We set out to determine whether machine learning–based algorithms that included functionally validated pharmacogenomic biomarkers joined with clinical measures could predict selective serotonin reuptake inhibitor (SSRI) remission/response in patients with major depressive disorder (MDD). We studied 1,030 white outpatients with MDD treated with citalopram/escitalopram in the Mayo Clinic Pharmacogenomics Research Network Antidepressant Medication Pharmacogenomic Study (PGRN-AMPS; n = 398), Sequenced Treatment Alternatives to Relieve Depression (STAR*D; n = 467), and International SSRI Pharmacogenomics Consortium (ISPC; n = 165) trials. A genomewide association study for PGRN-AMPS plasma metabolites associated with SSRI response (serotonin) and baseline MDD severity (kynurenine) identified single nucleotide polymorphisms (SNPs) in DEFB1, ERICH3, AHR, and TSPAN5 that we tested as predictors. Supervised machine-learning methods trained using SNPs and total baseline depression scores predicted remission and response at 8 weeks with area under the receiver operating curve (AUC) > 0.7 (P < 0.04) in PGRN-AMPS patients, with comparable prediction accuracies > 69% (P ≤ 0.07) in STAR*D and ISPC. These results demonstrate that machine learning can achieve accurate and, importantly, replicable prediction of SSRI therapy response using total baseline depression severity combined with pharmacogenomic biomarkers.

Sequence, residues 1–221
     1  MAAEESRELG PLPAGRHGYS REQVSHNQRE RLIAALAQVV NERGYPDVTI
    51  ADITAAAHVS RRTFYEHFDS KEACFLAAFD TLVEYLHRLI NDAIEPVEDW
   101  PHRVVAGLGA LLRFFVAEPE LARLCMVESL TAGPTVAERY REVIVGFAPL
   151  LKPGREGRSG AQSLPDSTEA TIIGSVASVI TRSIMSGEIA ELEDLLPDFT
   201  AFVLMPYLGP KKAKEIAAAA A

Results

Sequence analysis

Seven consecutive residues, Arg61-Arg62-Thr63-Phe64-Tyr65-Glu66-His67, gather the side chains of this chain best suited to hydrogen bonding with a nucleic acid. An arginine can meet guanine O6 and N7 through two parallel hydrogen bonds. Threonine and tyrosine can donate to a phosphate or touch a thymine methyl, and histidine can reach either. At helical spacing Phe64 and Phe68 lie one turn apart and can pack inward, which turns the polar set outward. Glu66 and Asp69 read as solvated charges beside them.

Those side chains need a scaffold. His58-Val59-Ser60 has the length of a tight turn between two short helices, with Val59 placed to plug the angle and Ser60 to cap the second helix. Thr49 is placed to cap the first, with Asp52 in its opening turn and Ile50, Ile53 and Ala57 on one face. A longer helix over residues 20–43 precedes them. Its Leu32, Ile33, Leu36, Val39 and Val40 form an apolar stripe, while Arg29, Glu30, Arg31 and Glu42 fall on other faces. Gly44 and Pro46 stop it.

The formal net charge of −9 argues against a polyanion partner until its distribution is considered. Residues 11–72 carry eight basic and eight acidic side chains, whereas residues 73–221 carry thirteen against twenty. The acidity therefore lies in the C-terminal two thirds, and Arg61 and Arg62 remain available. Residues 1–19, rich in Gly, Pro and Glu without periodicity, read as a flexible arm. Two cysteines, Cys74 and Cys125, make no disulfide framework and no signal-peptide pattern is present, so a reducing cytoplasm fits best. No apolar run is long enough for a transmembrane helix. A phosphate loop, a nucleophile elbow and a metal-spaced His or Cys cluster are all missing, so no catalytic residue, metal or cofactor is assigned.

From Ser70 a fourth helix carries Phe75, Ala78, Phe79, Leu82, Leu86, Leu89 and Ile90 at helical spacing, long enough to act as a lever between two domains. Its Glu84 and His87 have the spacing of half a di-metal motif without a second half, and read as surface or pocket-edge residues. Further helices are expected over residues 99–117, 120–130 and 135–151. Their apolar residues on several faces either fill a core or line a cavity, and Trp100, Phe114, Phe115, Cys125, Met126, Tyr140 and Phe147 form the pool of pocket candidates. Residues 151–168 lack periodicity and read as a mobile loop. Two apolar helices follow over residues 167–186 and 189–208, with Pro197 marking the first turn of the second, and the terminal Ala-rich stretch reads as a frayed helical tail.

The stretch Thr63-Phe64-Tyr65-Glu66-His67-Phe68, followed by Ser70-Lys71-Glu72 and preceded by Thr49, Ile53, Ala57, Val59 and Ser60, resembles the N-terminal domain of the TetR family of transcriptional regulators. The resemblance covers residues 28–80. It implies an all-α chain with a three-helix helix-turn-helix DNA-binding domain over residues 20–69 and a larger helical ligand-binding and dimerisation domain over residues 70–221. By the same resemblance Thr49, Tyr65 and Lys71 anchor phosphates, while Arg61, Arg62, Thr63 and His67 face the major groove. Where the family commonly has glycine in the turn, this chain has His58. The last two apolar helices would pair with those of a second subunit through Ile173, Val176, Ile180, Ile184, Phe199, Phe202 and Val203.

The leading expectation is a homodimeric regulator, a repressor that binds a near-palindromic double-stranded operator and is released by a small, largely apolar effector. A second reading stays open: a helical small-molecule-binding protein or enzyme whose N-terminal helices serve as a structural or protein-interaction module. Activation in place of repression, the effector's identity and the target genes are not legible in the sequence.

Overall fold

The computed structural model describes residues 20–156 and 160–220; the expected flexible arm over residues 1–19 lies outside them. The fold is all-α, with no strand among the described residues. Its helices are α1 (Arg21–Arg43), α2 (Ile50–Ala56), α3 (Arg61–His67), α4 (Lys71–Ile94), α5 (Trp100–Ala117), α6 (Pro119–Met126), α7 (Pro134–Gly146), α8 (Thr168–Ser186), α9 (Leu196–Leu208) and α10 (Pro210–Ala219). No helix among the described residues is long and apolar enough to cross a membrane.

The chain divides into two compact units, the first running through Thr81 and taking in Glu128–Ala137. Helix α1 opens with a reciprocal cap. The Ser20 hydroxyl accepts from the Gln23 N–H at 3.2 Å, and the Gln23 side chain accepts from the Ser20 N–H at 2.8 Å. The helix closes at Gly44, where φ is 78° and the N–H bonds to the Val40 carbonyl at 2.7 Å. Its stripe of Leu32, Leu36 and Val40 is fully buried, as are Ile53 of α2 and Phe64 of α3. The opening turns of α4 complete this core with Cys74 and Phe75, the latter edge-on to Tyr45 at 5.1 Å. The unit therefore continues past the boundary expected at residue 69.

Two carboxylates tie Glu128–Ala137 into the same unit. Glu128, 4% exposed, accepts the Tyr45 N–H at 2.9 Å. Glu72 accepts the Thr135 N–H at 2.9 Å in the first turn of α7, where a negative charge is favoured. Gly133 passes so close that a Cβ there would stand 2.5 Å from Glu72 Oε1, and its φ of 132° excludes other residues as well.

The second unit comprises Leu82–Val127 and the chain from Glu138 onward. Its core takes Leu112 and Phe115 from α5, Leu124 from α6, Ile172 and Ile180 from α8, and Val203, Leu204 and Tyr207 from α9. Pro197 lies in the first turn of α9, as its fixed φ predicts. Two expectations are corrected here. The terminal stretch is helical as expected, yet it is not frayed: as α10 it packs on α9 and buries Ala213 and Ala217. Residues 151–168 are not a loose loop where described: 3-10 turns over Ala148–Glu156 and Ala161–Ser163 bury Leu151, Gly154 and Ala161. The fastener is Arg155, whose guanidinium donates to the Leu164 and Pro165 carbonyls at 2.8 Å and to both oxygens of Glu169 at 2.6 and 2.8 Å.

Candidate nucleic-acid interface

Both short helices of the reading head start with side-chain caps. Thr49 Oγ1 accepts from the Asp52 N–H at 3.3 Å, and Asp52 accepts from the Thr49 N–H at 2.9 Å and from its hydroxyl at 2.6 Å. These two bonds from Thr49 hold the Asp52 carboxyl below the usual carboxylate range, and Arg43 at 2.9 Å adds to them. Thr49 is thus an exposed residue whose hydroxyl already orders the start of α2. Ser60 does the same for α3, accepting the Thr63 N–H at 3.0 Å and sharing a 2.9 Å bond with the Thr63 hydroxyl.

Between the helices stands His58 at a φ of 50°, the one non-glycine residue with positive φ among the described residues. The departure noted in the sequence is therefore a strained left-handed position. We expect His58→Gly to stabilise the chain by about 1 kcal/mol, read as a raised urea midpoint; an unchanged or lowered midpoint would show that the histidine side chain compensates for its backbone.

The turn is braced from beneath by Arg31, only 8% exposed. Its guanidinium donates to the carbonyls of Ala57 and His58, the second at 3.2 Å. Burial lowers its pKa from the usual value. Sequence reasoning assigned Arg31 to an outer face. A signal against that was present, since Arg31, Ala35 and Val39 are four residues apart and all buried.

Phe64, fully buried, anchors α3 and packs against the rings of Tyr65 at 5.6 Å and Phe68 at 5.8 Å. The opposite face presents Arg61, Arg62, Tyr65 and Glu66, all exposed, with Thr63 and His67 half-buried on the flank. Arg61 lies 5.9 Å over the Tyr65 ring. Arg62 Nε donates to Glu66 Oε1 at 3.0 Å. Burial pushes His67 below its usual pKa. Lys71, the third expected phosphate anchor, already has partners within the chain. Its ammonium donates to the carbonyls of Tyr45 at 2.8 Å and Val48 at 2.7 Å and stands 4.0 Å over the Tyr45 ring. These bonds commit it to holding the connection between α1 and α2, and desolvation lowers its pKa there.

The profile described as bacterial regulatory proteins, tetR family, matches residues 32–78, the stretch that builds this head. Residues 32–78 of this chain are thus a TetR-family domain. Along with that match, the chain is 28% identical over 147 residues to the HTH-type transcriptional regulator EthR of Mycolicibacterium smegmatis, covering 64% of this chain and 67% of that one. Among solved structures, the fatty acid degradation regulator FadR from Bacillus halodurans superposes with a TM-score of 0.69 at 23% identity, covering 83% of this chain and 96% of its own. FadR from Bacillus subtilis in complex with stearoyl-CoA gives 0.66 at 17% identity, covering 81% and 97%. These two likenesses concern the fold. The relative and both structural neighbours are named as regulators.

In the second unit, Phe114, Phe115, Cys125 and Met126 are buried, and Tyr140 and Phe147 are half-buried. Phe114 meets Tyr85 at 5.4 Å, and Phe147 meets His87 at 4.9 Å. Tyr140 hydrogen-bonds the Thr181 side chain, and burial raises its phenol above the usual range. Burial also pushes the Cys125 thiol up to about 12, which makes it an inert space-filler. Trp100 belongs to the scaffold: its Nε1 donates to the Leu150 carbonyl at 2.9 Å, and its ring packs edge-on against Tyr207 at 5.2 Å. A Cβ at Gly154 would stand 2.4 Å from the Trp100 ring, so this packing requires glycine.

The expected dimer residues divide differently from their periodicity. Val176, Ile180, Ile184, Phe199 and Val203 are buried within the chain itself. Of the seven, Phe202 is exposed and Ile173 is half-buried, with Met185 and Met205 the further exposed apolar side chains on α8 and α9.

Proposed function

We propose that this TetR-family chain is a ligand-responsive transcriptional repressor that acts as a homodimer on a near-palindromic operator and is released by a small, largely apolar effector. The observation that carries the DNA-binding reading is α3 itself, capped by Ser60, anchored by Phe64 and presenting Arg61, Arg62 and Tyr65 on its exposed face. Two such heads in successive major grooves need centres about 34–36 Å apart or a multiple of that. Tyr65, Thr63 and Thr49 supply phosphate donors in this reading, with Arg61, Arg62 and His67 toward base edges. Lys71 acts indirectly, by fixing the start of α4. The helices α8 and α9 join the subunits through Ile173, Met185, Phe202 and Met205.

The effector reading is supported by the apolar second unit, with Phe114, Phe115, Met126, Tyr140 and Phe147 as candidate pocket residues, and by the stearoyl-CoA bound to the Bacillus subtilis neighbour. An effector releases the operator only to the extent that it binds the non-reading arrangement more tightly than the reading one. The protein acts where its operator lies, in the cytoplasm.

ASJC Scopus subject areas
- Pharmacology (medical)